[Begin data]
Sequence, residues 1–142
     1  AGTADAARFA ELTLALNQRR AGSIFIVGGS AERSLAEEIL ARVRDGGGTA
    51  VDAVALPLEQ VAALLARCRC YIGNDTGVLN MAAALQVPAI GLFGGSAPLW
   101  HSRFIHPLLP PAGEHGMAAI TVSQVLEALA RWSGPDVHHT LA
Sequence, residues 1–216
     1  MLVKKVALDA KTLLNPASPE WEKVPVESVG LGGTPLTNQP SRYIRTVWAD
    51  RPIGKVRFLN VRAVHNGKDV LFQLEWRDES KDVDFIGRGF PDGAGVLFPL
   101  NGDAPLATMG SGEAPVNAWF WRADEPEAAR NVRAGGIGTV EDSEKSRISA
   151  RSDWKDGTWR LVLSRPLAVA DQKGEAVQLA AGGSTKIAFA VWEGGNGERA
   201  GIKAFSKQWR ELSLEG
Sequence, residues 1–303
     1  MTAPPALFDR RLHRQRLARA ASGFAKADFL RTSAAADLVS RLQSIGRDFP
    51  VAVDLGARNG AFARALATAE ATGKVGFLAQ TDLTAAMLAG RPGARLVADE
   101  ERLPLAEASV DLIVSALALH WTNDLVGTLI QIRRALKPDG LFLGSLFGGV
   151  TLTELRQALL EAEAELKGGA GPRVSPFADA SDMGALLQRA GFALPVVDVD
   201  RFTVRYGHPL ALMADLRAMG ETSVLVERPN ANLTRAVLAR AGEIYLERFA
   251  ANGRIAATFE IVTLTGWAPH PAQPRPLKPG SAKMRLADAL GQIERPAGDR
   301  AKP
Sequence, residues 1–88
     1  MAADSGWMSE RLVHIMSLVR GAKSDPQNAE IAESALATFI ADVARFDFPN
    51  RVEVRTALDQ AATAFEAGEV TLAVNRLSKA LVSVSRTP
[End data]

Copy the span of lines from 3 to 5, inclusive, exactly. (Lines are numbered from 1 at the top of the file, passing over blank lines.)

    51  VDAVALPLEQ VAALLARCRC YIGNDTGVLN MAAALQVPAI GLFGGSAPLW
   101  HSRFIHPLLP PAGEHGMAAI TVSQVLEALA RWSGPDVHHT LA
Sequence, residues 1–216